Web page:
The First Book of Calamity Leek by Paula Lichtarowicz
15th Feb 2013
A fantastical, peculiar, and brilliantly-executed début, Paula Lichtarowicz’s The First Book of Calamity Leek is a rollicking take on dystopian fiction.
The eponymous, teenage Calamity Leek lives in a sheltered rose garden along with her ‘sisters’ – an all-female world entirely unto itself, surrounded by a high brick wall, and ruled over by the distant, tyrannous ‘Mother’ and her henchman ‘Aunty’.
The sisters live according to an elaborate mythology, set down in a book they must learn by heart. This belief-system gives their world its own vocabulary, history and even astronomy. So complete is its cultish grip over the girls that you are unsure, at first, whether this is simply a novel set in a parallel universe. It is – in a way.
The sisters live according to an elaborate mythology, set down in a book they must learn by heart. But gradually, through careful hints, and her brilliantly creative use of double-speak, Lichtarowicz makes it clear that this is all taking place somewhere within a world very much our own, and that connivance, evil and downright insanity rather than anything more otherworldly are its roots. Will Calamity herself figure out what we, her readers, have just about deduced – before it’s too late?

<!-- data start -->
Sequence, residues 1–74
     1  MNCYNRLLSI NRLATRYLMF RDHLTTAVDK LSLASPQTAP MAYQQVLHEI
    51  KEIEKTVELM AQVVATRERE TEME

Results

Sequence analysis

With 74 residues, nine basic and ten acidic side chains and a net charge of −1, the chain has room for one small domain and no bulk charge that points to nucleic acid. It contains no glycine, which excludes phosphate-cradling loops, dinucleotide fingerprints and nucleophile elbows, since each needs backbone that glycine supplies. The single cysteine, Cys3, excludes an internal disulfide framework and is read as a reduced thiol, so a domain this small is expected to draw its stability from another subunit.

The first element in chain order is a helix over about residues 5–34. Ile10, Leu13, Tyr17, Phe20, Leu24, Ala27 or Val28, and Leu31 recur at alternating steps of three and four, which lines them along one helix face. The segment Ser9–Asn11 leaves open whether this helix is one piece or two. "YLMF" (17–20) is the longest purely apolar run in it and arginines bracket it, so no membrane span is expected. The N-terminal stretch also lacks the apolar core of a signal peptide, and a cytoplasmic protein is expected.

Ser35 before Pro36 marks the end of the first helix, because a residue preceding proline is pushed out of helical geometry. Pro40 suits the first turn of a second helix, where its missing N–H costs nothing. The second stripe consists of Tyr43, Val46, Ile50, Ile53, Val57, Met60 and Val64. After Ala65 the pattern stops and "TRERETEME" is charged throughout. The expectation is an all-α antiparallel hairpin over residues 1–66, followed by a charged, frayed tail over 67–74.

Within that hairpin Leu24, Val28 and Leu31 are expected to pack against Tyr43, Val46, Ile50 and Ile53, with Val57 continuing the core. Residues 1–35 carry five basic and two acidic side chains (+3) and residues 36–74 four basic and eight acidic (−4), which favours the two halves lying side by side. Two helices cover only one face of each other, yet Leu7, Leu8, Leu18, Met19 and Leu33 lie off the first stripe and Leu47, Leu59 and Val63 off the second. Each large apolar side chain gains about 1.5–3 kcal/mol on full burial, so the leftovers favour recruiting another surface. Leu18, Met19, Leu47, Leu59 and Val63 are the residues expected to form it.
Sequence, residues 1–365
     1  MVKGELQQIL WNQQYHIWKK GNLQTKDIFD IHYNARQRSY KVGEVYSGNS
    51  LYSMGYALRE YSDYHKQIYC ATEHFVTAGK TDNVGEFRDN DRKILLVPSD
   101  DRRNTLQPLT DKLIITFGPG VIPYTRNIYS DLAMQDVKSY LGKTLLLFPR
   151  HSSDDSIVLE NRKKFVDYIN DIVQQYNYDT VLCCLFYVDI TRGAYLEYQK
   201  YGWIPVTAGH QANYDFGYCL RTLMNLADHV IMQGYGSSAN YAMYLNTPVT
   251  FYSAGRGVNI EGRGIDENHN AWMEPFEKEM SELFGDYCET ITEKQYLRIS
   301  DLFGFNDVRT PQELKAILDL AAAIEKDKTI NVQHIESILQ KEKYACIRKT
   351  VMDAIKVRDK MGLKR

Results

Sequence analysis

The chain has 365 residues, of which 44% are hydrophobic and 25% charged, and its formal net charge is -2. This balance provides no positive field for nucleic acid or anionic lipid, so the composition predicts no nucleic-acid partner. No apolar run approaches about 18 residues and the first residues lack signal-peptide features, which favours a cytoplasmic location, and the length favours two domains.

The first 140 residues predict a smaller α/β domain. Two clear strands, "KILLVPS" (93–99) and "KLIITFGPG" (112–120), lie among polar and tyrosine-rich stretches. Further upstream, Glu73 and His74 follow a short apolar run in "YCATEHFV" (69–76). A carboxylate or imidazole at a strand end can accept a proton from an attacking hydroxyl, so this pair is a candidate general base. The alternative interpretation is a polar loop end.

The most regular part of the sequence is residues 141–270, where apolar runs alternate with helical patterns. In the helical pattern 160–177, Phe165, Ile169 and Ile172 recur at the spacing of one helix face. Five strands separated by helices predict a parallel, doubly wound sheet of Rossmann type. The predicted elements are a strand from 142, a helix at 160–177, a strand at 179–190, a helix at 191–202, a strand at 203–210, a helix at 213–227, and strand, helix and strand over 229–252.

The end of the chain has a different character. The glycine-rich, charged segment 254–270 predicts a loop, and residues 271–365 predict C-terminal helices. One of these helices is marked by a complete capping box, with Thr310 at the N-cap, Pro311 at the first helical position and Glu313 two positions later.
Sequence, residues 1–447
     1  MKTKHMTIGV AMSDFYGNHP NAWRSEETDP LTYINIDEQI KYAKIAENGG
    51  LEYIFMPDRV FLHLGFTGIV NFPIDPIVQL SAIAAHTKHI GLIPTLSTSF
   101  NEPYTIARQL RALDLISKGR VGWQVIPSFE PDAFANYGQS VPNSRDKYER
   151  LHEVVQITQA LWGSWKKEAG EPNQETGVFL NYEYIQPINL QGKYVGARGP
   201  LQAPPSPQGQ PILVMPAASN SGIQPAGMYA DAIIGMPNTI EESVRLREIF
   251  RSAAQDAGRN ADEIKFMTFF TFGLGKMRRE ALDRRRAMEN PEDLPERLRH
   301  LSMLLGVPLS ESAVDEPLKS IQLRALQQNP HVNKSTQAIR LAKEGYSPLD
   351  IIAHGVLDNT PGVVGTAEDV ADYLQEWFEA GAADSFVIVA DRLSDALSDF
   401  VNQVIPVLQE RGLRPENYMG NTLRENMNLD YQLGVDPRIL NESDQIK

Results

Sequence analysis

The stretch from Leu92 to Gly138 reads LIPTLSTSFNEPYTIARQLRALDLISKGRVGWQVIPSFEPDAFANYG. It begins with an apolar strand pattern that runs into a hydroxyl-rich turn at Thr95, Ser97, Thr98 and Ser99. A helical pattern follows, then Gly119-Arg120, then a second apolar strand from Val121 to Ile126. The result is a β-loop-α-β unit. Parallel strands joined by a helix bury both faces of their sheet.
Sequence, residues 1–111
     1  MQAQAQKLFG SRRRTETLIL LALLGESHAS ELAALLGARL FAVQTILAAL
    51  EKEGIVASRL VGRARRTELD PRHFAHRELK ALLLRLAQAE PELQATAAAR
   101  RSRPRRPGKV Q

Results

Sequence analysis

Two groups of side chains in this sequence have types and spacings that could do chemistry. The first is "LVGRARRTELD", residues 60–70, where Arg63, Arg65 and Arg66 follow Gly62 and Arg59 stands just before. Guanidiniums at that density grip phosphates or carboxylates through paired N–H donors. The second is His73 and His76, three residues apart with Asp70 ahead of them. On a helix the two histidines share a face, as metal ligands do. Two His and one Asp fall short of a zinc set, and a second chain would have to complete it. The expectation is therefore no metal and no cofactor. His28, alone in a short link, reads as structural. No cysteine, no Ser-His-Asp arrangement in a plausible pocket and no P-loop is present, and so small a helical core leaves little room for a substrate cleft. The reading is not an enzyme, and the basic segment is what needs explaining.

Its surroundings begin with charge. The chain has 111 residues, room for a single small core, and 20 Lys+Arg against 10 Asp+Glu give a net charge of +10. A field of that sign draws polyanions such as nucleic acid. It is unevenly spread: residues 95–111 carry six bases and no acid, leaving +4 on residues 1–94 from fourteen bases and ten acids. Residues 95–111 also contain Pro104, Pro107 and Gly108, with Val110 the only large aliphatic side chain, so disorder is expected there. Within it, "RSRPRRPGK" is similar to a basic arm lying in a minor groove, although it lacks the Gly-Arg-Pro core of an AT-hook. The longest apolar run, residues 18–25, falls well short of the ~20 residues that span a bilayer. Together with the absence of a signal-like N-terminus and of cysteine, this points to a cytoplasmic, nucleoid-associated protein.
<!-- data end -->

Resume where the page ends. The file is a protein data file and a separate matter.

The novel is entirely told from Calamity’s perspective, and Lichtarowicz pulls off the difficult feat of ensuring that her audience see what is ‘really’ going on, while Calamity remains under the darkness of her world’s delusions. Nothing is spelled out, and there’s a lot of piecing-together and puzzling-over asked of the reader, but the respect that Lichtarowicz has for her audience pays off.
As you might expect of any isolated community, Calamity and her sisters have developed a distinctive dialect, and Lichtarowicz is particularly strong when it comes to the vocabulary, turns of phrase and linguistic tics that tell of their peculiarity. They speak like no other characters you’ll have met, and their voices shine off the page.
The inventiveness of the macabre world they live in, as created by ‘Mother’ and controlled by ‘Aunty’, is also stunning, a weaving-together of elements from the golden era of Hollywood musicals, Eastern European folklore and goodness knows what else.
It’s hard to know quite what conclusions to draw from the ideology drummed into Calamity and her sisters, which teaches that men are fatal to women, that female beauty is paramount (and that dark, ‘cooked’ skin is the worst fate that could befall anyone), and that the girls’ glorious fate is to one day go beyond the wall and help to destroy the evil hoards of ‘Demonmales’ outside.
It would be crass to assume that this is intended as a direct analogy or fable, tempting as it is to try to take any kind of lesson from the book. Instead, just sit back and enjoy Calamity Leek‘s boldness, brilliance and downright weirdness. It’s unlike anything else you’ll read this year.
Recommended for: Anyone interested in the way the stories we tell ourselves (and are told) shape us.
Other recommended reading: Calamity Leek has echoes of William Golding’s Lord of the Flies and H G Well’s The Time Machine, so if you’ve not read these dystopian classics yet, this is a good excuse.